However I am more fascinated by the figure of the kid, and how his character supports McCarthy’s (probable) message.

The kid is a poor and limited imitation of the wonderful Ishmael. The kid is flat and opaque, with no richness of moral interiority. He has no name. The reader gains little access to the kid’s inner thoughts and struggles for unlike Melville, McCarthy narrates in the third person and does not adopt the first person perspective from the position of the kid, and the only means of understanding his development (if any) is through his outward actions. However, his outward actions are decidedly cryptic and ambivalent; there are no instances where the kid unequivocally asserts a clear moral stance in his actions. Unlike in relation to the judge, I feels less compelled to understand what lies under the kid’s opaque exterior, for I get the sense that there is nothing underneath. The kid is like a puppet: he only has the outer resemblance of emotion and development. Towards the end of the

Judge Holden openly expresses his opinion that the kid is special, and alone and solely resists the corruption that overtook everyone. However this is deeply ironic for the kid hardly develops and one may even possibly construe the judge’s words as sarcasm. Sometime towards the end of the novel, the kid is described as “the man”. One would naturally expect some moral development or emotional maturity in the kid, but this is hardly evidenced in the novel. What we have is a crude caricature, a stillborn bilsdungroman, where the novel is uneasily crammed into the bildungsroman tradition when there is no material justifying it.

As if to make the point more emphatic, the kid’s final end is left ambivalent and open to interpretation. The reader is left to presume that the kid (now the man) went into the outhouse and was murdered in some gruesome way by presumably the judge, who later leaves to join the debauchery in the saloon and dance his eternal dance. The stark descriptive silence over the kid’s probable violent death greatly contrasts with the novel’s abundant willingness to depict explicitly and in almost virtuosic quality the rampant violence that pervades the novel. It seems almost as if McCarthy is literally erasing the kid from the novel, rendering mute the already scarcely audible voice of the kid. In doing so, McCarthy seems to be telling us that there is perhaps no means of understanding, confronting and subduing the evil that is innate in all men, and in the end moral evil reigns supreme and eternally. The judge dances his dance without end: “He never sleeps. He says he will never die. He dances in light and in shadow and he is a great favourite. He never sleeps, the judge. He is dancing, dancing. He says that he will never die.”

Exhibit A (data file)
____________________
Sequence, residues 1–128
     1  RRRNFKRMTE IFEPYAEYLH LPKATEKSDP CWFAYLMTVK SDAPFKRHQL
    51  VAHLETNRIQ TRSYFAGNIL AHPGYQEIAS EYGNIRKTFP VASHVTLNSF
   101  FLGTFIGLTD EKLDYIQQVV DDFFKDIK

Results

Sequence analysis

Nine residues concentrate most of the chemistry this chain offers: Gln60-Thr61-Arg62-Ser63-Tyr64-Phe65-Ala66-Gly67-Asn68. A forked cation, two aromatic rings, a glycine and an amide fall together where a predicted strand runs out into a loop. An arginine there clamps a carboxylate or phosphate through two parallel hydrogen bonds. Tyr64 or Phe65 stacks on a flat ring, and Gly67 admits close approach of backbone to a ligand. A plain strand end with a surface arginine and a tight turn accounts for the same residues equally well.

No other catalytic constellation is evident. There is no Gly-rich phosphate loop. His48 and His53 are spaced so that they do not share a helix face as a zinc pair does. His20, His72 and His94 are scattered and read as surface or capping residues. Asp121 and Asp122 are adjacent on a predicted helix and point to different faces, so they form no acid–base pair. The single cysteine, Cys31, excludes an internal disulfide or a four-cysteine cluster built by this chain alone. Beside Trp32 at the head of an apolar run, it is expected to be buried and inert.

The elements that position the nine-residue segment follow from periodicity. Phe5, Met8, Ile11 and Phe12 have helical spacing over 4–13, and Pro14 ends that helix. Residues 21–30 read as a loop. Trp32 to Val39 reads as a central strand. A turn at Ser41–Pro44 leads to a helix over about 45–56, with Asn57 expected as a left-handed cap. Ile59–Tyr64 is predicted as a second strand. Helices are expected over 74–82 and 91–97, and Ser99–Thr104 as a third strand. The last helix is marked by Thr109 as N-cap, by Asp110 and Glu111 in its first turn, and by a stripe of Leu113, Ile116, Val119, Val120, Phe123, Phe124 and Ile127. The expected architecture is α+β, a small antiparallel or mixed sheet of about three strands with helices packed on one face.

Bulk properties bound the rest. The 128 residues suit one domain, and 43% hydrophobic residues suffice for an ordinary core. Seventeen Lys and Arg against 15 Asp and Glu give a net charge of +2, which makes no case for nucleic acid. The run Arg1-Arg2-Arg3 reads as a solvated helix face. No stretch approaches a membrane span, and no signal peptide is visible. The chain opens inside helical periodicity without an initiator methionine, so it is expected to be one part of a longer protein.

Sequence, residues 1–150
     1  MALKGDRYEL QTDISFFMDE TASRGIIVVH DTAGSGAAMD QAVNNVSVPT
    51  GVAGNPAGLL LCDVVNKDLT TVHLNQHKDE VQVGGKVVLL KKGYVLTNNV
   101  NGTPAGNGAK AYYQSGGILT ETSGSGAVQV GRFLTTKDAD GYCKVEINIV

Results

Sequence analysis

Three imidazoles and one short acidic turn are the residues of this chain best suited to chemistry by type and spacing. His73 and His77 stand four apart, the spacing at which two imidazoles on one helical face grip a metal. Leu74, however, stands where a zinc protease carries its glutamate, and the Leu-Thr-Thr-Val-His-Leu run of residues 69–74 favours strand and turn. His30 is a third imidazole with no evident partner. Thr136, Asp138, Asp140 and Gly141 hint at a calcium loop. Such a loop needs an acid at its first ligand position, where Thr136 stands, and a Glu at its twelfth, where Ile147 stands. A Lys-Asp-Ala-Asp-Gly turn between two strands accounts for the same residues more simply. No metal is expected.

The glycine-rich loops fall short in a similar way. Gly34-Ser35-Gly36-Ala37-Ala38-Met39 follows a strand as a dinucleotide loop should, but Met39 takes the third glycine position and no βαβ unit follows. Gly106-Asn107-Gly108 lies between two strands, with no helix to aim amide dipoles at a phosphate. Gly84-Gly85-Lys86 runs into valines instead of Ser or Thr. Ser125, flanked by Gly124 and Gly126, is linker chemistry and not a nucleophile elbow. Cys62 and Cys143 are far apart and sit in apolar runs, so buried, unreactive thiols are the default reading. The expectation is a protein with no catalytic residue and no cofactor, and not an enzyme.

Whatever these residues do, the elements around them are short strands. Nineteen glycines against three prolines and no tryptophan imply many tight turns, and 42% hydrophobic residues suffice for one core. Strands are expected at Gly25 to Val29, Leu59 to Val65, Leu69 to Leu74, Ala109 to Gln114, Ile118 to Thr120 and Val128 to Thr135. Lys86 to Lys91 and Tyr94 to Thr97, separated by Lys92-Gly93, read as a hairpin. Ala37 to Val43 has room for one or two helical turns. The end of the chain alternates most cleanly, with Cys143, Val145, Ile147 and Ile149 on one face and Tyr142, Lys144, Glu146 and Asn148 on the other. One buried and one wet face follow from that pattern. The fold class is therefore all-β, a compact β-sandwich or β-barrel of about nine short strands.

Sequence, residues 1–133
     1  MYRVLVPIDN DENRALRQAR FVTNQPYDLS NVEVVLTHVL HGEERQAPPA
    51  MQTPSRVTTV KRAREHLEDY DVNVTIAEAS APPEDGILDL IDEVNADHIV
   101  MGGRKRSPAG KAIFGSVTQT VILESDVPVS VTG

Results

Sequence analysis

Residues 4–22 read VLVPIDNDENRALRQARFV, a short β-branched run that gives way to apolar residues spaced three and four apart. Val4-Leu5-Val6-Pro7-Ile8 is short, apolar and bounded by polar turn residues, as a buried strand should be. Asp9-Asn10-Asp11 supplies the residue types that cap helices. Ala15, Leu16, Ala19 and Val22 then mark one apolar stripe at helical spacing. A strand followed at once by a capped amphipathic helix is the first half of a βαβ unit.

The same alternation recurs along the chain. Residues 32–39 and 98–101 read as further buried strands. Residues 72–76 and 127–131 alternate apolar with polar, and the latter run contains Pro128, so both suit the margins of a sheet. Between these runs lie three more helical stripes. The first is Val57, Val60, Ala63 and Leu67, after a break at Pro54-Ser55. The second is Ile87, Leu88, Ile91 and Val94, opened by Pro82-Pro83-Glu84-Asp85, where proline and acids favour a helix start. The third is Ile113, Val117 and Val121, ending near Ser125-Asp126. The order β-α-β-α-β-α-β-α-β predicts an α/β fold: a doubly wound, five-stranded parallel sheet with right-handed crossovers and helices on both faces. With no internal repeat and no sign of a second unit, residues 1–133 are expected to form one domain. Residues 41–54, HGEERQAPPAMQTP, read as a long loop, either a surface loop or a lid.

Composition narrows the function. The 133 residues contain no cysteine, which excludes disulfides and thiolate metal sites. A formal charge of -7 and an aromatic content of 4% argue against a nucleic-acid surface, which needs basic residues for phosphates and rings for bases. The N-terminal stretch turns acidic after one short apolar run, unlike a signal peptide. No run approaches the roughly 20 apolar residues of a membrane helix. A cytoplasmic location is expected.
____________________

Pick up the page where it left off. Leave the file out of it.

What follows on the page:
Given the richness and deliberate quality of the writing, I am sure Blood Meridian holds a great lot more than I perceive. I have not been impressed by much of the “modern” fiction (i.e. published in the 1900s) so far, so I am quite surprised to find such a gem. This is a book that I will revisit again once I have read the other books that it references.